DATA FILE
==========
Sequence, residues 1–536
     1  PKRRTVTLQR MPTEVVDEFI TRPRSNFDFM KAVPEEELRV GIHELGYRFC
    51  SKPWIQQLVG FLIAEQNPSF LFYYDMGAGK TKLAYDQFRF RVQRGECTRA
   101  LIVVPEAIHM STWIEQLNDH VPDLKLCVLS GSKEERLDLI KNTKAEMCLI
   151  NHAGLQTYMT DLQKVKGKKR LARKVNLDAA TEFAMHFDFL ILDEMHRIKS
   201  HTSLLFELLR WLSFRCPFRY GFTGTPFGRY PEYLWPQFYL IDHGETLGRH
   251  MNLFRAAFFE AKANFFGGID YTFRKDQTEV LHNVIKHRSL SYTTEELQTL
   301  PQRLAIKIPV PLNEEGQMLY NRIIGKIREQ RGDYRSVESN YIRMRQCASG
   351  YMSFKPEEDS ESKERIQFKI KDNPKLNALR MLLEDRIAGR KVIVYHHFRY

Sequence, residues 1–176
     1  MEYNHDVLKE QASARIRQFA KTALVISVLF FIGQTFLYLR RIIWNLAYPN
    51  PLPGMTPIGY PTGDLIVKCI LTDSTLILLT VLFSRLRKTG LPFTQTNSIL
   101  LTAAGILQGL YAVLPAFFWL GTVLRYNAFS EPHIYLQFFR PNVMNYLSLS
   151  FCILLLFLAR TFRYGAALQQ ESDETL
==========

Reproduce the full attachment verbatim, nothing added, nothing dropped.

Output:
Sequence, residues 1–536
     1  PKRRTVTLQR MPTEVVDEFI TRPRSNFDFM KAVPEEELRV GIHELGYRFC
    51  SKPWIQQLVG FLIAEQNPSF LFYYDMGAGK TKLAYDQFRF RVQRGECTRA
   101  LIVVPEAIHM STWIEQLNDH VPDLKLCVLS GSKEERLDLI KNTKAEMCLI
   151  NHAGLQTYMT DLQKVKGKKR LARKVNLDAA TEFAMHFDFL ILDEMHRIKS
   201  HTSLLFELLR WLSFRCPFRY GFTGTPFGRY PEYLWPQFYL IDHGETLGRH
   251  MNLFRAAFFE AKANFFGGID YTFRKDQTEV LHNVIKHRSL SYTTEELQTL
   301  PQRLAIKIPV PLNEEGQMLY NRIIGKIREQ RGDYRSVESN YIRMRQCASG
   351  YMSFKPEEDS ESKERIQFKI KDNPKLNALR MLLEDRIAGR KVIVYHHFRY

Sequence, residues 1–176
     1  MEYNHDVLKE QASARIRQFA KTALVISVLF FIGQTFLYLR RIIWNLAYPN
    51  PLPGMTPIGY PTGDLIVKCI LTDSTLILLT VLFSRLRKTG LPFTQTNSIL
   101  LTAAGILQGL YAVLPAFFWL GTVLRYNAFS EPHIYLQFFR PNVMNYLSLS
   151  FCILLLFLAR TFRYGAALQQ ESDETL